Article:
As we have seen in integrated planning programs with utilities in California and Hawaii, connecting the dots between technologies and approaches yields smart results. Utilities can get in front of DER impacts by using data-driven planning to understand the potential combined impact of a broad set of DERs on the grid in order to drive system upgrades and modify rates, customer engagement programs and operations. As my colleague, Scott Stallard, will discuss at Meeting of the Minds in October, an integrated analysis of DER potential, load growth, customer adoption rates, hosting capacity, bulk load impacts and the associated technical, financial and rate impacts is required to stay ahead of DER technology impacts.
On-The-Ground Deployment and Operation
Just as important as strategic planning is on-the-ground deployment. Innovative pilot projects are being stimulated by academic institution-city ecosystem partnerships, such as the MetroLab Network, that attempt to bridge the gap between R&D and commercial-scale solutions. Initiatives such as NIST’s Global Cities Team Challenge are bringing together teams of ecosystem partners to design and implement smart city projects in the field. Both organizations emphasize experiential over theoretical approaches as well as the sharing of solutions and lessons across teams.
Beyond the pilot stage, city plans have to scale to meet real-world deployment and operation. Ecosystem partners answer this call by creatively merging innovative technologies and programs with experience in large-scale distributed infrastructure deployment and a scalable data management and analytics infrastructure. This is where private sector program management and integrator skills are invaluable. Traditional project management does not suffice. What’s needed is a much more creative approach that strikes the right balance between project control and program adaptability, between individual project ROI and integrated program optimization. A “live” system management approach is needed in which there is an on-going digital dialogue between projects, programs, stakeholders and circumstances.
Ecosystems Enable Smart Cities
To enable successful smart city programs, the ecosystem of smart city players has evolved into a collaborative community of leaders that blends top-down vision and community-led innovation. Through cooperation and innovation in technology, financing, and strategic integration of all the moving parts and players, cities are scaling towards true sustainability. Just as natural systems adapt and refine functions to stay dynamic, so too must city-systems, which requires the insight of a multi-dimensional partner ecosystem.
For more insight into smart city trends, review Black & Veatch’s Strategic Directions Smart City/Smart Utility Report (2016).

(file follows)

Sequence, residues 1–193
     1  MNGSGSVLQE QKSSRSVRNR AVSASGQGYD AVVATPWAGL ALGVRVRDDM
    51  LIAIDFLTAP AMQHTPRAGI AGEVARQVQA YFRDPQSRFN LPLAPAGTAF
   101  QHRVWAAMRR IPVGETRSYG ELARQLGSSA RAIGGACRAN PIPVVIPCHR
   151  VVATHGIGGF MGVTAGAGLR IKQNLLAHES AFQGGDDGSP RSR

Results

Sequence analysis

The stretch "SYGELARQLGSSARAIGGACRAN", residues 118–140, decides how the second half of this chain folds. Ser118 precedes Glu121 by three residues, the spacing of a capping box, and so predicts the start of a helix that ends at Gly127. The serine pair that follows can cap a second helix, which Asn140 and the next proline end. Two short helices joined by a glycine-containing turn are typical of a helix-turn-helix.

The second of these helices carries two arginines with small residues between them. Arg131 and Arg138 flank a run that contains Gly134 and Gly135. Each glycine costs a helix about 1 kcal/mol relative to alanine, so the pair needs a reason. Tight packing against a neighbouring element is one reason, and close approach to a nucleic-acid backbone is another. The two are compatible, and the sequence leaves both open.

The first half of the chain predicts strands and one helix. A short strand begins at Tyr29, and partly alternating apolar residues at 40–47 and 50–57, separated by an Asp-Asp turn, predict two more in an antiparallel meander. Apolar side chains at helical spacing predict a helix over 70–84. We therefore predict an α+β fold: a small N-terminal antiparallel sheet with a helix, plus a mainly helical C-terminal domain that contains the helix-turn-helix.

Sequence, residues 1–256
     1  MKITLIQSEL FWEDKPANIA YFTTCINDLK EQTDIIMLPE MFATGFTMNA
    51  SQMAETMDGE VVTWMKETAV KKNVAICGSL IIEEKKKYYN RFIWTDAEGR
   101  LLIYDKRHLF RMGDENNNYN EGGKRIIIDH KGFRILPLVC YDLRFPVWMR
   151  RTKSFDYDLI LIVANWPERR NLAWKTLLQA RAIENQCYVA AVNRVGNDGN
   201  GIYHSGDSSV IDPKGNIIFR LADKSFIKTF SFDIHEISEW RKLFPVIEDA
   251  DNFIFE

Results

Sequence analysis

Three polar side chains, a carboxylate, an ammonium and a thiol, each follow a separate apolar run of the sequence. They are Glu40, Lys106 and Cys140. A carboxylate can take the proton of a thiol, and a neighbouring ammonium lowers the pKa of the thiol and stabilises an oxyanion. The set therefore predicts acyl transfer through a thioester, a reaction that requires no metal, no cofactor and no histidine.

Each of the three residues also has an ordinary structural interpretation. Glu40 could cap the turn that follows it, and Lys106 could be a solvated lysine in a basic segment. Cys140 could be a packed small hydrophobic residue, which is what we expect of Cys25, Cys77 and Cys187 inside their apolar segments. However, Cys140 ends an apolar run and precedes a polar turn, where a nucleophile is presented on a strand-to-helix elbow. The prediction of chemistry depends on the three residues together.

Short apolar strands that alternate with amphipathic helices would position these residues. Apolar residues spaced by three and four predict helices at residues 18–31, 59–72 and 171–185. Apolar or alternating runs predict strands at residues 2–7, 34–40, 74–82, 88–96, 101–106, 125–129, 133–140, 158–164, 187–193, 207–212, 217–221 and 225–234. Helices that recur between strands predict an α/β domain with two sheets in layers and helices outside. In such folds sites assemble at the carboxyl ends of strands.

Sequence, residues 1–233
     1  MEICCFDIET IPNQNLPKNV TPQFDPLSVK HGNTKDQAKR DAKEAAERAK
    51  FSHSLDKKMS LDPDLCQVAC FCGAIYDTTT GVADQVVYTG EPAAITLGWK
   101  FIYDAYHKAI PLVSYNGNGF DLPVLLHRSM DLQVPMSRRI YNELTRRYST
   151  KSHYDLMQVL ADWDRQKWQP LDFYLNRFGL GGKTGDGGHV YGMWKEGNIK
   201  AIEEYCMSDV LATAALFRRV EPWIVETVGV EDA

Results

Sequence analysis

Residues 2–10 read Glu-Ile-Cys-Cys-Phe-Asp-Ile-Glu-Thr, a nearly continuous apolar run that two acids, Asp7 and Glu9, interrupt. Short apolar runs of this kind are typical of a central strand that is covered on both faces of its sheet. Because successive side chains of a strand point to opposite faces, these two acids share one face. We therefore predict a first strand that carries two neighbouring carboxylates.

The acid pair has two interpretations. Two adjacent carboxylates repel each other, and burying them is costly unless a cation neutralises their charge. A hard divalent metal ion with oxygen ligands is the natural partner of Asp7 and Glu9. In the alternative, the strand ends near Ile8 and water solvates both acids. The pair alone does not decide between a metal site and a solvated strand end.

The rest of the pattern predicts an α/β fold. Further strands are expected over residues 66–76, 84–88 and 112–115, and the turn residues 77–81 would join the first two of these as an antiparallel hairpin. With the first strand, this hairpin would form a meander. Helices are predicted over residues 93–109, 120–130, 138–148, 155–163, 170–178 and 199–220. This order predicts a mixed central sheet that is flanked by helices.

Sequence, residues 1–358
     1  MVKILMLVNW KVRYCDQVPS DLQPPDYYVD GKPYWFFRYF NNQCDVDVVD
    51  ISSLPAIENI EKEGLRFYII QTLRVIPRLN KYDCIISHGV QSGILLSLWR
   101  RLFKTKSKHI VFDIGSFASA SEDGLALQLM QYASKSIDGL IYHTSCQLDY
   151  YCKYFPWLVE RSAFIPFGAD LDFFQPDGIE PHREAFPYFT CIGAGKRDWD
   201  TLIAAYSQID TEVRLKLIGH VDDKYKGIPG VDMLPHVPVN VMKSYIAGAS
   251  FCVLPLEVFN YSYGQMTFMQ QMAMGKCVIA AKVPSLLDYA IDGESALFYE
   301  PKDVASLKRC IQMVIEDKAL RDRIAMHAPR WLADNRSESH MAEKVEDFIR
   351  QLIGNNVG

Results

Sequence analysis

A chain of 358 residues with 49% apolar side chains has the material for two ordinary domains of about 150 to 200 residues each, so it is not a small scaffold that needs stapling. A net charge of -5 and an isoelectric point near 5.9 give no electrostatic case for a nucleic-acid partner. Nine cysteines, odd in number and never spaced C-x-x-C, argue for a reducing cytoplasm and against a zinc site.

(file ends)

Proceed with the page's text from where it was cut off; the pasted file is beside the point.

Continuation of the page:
This blog post is part of a series. Read the next post: Money Matters: Who Pays for the Smart City?
Leave your comment below, or reply to others.
Read more from the Meeting of the Minds Blog
Spotlighting innovations in urban sustainability and connected technology
When the idea of smart cities was born, some ten to fifteen years ago, engineers, including me, saw it primarily as a control system problem with the goal of improving efficiency, specifically the sustainability of the city. Indeed, the source of much of the early technology was the process industry, which was a pioneer in applying intelligent control to chemical plants, oil refineries, and power stations. Such plants superficially resemble cities: spatial scales from meters to kilometers, temporal scales from seconds to days, similar scales of energy and material inputs, and thousands of sensing and control points.
So it seemed quite natural to extend such sophisticated control systems to the management of cities. The ability to collect vast amounts of data – even in those pre-smart phone days – about what goes on in cities and to apply analytics to past, present, and future states of the city seemed to offer significant opportunities for improving efficiency and resilience. Moreover, unlike tightly-integrated process plants, cities seemed to decompose naturally into relatively independent sub-systems: transportation, building management, water supply, electricity supply, waste management, and so forth. Smart meters for electricity, gas, and water were being installed. GPS devices were being imbedded in vehicles and mobile telephones. Building controls were gaining intelligence. Cities were a major source for Big Data. With all this information available, what could go wrong?
If you want a healthier community, you don’t just treat illness. You prevent it. And you don’t prevent it by telling people to quit smoking, eat right and exercise. You help them find jobs and places to live and engaging schools so they can pass all that good on, so they can build solid futures and healthy neighborhoods and communities filled with hope.